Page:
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Friday, June 8, 2012

Prometheus - A Review

What is it about Prometheus that makes it so quixotic? It seems Ridley Scott has set out to create a future landscape that is indistinguishable from reality itself. Hello, my name is David...

Well actually its not really, but for a moment there I was absorbed by the extraordinary performance that Michael Fassbender portrays of the 8th generatoin Android of Wayland industries.

I've just got home from this fastidious feat of film and my mind is whirling with impressions, the first of which is the most basic. I liked it. It was certainly no Alien, but then was it ever meant to be? While incorporating elements of the classic Space Horror that Ridley helped to define, this is a more thoughtful film. Rather than trapping a bunch of random characters together in a tight space to be systematically and cheaply hunted down by a vicious blood thirsty thing with two mouths, Prometheus takes time to introduce an actual story with a history and characters who have deep motives for what they are trying to achieve - to make contact with their makers, or "engineers" as they call them.

In a very twisted way its a sort of Jurassic Park. Only we find ourselves to be the genetic experiment and the Geneticists themselves have fallen pray to their own meddling with the sacred building blocks of nature. Oh and we've arrived on the scene 2000 years too late.

Here's my synopsis. Spoilers will ensue.

The movie begins on an alien pre-historic Earth, a great big flying saucer thingy in the sky leaving our atmosphere and a tall Human like individual, whose nose starts in his forehead, is standing above the long crunch of a majestic waterfall. He drinks the "elixir of evolution" from a mystical container with a melting lid and while we admire his super muscular appearance it quickly deteriorates and flakes away as he falls into the raging rapids where on a microscopic level we witness his genes dispersing in the flow, to create life as we know it.

Its that ancient alien theory again. Ladies and gentlemen may I introduce the religion of tomorrow - Alien worship. It seems to be the gospel of Hollywood these days. Oh well, the Bible did say there would be a great delusion in the last days, so what can you do?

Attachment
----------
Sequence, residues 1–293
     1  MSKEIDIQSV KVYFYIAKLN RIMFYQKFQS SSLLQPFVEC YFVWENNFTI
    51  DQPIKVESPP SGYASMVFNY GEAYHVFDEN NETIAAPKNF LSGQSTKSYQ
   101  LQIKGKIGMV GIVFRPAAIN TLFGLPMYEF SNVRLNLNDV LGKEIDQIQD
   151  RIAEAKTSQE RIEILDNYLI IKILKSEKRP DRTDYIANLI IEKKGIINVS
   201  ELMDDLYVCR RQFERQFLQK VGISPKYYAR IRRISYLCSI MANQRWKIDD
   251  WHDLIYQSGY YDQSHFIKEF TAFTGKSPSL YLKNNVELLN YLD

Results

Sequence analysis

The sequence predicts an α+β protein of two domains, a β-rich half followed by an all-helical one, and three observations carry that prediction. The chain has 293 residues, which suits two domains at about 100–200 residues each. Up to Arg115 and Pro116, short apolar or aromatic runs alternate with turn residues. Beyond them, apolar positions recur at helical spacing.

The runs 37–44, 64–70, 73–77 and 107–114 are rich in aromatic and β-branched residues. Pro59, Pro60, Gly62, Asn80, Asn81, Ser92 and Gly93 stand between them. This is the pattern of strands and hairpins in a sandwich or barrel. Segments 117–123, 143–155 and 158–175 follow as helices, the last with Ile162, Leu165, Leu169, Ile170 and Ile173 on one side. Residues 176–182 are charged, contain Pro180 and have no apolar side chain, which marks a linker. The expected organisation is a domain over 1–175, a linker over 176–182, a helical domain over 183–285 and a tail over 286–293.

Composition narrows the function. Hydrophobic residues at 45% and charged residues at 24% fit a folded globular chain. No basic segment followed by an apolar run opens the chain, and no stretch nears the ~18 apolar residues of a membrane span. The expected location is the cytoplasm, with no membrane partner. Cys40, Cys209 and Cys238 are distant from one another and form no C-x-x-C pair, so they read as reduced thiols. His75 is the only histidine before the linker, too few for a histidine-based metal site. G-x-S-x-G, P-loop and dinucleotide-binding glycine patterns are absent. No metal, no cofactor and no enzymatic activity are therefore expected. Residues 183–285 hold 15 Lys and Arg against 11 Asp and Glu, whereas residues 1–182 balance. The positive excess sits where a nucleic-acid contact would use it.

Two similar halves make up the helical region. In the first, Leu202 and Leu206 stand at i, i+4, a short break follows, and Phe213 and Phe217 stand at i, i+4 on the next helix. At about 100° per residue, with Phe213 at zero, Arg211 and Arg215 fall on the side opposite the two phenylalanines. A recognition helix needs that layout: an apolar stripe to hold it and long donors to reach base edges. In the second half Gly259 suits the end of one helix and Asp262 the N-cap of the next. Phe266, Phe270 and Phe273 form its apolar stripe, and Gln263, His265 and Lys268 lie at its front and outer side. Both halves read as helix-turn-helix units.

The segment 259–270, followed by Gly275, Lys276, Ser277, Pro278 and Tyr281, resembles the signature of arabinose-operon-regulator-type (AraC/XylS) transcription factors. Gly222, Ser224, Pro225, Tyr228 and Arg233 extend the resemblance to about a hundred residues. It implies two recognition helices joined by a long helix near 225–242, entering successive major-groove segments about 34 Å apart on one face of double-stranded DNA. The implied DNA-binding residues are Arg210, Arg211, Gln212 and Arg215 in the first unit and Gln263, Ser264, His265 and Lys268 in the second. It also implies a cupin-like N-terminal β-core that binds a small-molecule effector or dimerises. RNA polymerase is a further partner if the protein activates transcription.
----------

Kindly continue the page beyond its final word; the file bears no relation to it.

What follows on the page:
Fast forward an indeterminable amount of eons (I love how Ridley leaves us guessing even from the beginning by not giving a date), we find Liz Shaw (a reference to Doctor Who's lovely assistant from the Pertwee years perhaps?) an Archaeologist desperate to meet her creator along with her colleague (husband? boyfriend? Couldn't figure that one out) Charlie Holloway, who shares her religious zeal. They have discovered a cave with an ancient rock painting of 35,000 years hence depicting a tall Anunaki like deity pointing to a bunch of floating tennis balls.

Suddenly we're in space, a beautiful sequence of David the Android walking through the lonely halls of the Prometheus space craft while everyone else sleeps in chriogenic bliss. David creepily watches Elizabeth's dreams where we discover her religious background as her Father was perhaps some sort of Christian Missionary, albeit a rather liberal one.

I want to be as brief here as possible, because I hate ruining a movie. But the idealistic Liz and Charlie lead a team of knuckle heads (including a biological evolutionist) into what appears to be a weathered down pyramid where they discover a grizzly house of horrors and the faith crushing truth that our "makers" were no less ethically challenged as we are. The pyramid is a tomb of a grizzly operation gone grimly wrong, and as the story unfolds it becomes clear that the "engineers" agenda was to bombard the Earth with thousands of biological weapons of mass murder for reasons only they would know.

And that's the beautiful thing about this movie. It leaves a ton of unanswered questions. Ridley could have made a movie that explained everything down to the very last letter, bringing us to the exact point the Nostramu finds the downed spaceship in Alien - but he doesn't. In fact by the end of Prometheus you aren't exactly sure if the Engineer's space craft is even the one from Alien or whether the planet is even the same! For example, in Alien the Miner Astronauts discover a mountainous chair containing the remains of the Space Jockey with his chest burst open like a pinata. By the end of Prometheus the chair is utterly empty and the only living Engineer is lying on the floor of the Prometheus' "life raft" having goodness knows what ingested into his stomach, by the biggest face hugger you ever did see.